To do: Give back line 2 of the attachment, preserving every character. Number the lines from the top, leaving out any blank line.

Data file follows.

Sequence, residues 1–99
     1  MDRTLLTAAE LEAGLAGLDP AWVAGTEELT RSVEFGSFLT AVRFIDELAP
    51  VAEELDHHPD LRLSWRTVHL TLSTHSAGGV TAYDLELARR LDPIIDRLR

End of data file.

     1  MDRTLLTAAE LEAGLAGLDP AWVAGTEELT RSVEFGSFLT AVRFIDELAP